they like without a judge interfering. there are many, many measurements that don't have the place in society like this. 12 days because it's such heavy law basically. what is going to happen this afternoon in paris, 4:00 paris time, francois hollande is going to reunite the two assemblies, the senate and house of congress, only third time since 1848 that this happens. it shows the importance of this meeting. there he's going to ask for the extension of the state of emergency for three months and basically, in my humble opinion, means the end of democracy. >> you think he gets it? >> i'm afraid so, yes. the worrisome thing is, the citizens think that's the right solution, we need more security to stay free. that's contradictory, it's not possible. if you look at what happened since january, hundreds and hundreds of millions of euros have been invested in france, police forces, intelligence services. a severe law has been voted,
like a french version of the patriot act. there were no objections against it. in spite of all these measures, the horrible attacks happened again. the main issue here is the exchange of information. it's not tough to loss. >> best of luck. stay safe. >> thank you. we're following a lot of news this morning. let's get right to it. we had huge gunshots, glass coming through the window. >> i've seen 20 to 25 bodies lying on the floor. >> across this country, police carried out a series of anti-terror raids. >> an arrest warrant for a man whose brother was one of the dead terrorists. >> this could fight possibly be that eighth attacker. >> they believe these attacks were planned in syria. >> french fighter planes revving up engines, their target, isis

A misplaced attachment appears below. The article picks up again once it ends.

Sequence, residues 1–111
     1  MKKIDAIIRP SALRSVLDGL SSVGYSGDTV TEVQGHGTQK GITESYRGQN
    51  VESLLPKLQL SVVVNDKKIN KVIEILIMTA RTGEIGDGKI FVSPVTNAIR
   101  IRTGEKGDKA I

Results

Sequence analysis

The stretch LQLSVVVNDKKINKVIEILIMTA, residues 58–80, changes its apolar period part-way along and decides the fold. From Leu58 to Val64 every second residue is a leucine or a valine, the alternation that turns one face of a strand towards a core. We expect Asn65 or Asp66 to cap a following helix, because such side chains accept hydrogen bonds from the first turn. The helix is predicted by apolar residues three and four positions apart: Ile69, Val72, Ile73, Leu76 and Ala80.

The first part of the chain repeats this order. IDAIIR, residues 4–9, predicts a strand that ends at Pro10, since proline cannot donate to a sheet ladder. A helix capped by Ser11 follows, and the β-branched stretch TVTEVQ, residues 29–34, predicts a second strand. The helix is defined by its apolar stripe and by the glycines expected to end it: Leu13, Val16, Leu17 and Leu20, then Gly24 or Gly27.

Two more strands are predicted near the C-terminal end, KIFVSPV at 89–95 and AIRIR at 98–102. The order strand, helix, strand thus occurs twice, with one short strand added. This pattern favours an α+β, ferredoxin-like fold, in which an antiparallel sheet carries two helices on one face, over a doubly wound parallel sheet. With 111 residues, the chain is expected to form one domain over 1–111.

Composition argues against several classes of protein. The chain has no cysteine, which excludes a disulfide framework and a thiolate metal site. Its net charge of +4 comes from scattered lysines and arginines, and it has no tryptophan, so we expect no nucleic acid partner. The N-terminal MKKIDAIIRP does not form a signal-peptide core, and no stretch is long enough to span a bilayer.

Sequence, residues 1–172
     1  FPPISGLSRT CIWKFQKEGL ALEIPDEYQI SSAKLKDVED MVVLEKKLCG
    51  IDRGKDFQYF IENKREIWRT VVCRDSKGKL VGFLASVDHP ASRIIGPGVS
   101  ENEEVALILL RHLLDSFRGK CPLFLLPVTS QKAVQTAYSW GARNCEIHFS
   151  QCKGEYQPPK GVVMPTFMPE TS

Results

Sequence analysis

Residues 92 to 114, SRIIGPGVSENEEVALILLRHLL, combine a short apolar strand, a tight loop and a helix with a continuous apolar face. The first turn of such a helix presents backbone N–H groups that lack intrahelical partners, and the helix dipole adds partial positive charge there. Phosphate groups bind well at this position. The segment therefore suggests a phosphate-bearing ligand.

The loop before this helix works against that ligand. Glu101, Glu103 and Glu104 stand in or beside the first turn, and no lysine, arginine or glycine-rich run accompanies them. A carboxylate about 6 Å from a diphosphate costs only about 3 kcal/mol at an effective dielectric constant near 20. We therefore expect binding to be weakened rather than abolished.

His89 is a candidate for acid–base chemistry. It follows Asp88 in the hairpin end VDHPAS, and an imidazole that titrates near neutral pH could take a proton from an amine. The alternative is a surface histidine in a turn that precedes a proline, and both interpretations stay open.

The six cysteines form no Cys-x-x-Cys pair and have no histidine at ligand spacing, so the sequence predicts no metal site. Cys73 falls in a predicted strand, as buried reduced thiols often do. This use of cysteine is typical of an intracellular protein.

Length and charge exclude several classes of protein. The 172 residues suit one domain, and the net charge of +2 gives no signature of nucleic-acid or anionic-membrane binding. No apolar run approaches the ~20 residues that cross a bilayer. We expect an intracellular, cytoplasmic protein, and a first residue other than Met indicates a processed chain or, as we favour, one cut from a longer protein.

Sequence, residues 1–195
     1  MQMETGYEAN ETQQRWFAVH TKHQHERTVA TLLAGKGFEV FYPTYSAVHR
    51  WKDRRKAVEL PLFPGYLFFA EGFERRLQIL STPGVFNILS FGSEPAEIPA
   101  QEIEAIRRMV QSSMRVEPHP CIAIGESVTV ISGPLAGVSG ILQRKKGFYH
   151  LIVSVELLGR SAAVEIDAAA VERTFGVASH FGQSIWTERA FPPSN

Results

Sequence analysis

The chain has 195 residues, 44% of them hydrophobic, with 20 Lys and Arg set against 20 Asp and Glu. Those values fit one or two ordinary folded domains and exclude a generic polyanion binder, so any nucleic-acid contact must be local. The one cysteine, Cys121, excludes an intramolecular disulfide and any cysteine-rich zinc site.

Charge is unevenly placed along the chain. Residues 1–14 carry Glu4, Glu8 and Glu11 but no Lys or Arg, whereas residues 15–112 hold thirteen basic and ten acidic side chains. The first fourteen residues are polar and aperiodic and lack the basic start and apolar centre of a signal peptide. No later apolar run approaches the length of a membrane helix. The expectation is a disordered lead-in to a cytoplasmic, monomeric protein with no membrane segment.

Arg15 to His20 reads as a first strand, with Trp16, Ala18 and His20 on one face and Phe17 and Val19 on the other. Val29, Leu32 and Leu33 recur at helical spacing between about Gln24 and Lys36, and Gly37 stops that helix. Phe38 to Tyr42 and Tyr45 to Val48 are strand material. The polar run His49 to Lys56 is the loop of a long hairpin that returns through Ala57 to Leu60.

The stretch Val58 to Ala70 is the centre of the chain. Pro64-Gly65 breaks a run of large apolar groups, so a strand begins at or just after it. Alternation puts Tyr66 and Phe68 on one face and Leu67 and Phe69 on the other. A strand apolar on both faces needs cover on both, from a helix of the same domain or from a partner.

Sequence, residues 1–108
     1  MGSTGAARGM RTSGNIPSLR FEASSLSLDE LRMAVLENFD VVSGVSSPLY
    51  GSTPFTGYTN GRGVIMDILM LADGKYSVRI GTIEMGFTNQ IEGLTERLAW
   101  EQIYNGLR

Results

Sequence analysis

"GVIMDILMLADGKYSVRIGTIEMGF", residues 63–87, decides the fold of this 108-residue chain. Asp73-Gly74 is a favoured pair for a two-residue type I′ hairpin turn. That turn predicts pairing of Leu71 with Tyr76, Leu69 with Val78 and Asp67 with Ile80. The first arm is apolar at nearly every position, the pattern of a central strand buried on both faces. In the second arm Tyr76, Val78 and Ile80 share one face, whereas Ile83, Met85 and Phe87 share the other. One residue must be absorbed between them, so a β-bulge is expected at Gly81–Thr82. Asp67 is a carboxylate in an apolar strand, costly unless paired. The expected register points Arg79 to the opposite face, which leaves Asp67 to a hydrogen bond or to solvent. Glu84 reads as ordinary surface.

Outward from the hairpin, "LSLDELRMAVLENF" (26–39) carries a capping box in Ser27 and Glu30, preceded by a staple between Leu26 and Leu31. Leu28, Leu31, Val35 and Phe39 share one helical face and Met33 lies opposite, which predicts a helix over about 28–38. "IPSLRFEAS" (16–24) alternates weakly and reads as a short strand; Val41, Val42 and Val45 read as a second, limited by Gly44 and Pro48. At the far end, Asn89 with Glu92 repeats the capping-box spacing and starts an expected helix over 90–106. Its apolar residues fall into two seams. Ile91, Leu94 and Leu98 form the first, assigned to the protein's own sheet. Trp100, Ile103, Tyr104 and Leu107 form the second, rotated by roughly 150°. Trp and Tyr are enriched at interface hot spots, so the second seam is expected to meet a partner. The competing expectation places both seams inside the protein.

outposts. >> this fight is getting closer and closer to the homeland. >> i've been told flat out they were here. >> there's a moment of silence here and being reflected around the world. >> i'm not scared. i'm just shocked. >> we should go out and keep living. >> to our viewers in the united states and around the world, you are watching a special edition of "new day" from paris. there's a heavy, uncertainty in the air here. behind us, you see in the republican plaza, people are here to mourn what happened in the past but also to try to come together to figure out what will happen in the future. there's breaking news about attacks abroad by french authorities. and also investigations and raids within this country and in belgium. >> that is where we start. officials are wrapping up, just minutes ago, special forces had spread out in this neighborhood, just outside of brussels. they failed to get the elusive eighth suspect in friday's terror attack in paris. >> french authorities are
conducting over 150 anti-terror raids overnight. 104 people are under house arrest, 23 people in custody actually, weapons, i.t. equipment seized. >> the french retaliating for the attacks with force. they have launched air strikes against isis in the syrian town of raqqa. the u.s. providing intelligence to help them for that air campaign. but isis says that everything that was hit, they claim was already abandoned. and in just the last hour, there was a moment of silence here across this city, and across all of europe to honor the hundreds of victims who were killed and wounded during friday's terror attacks. >> we've got this situation covered, only the way cnn can with correspondents in every place that are relevant all over the world. let's begin with cnn's nima elbagie.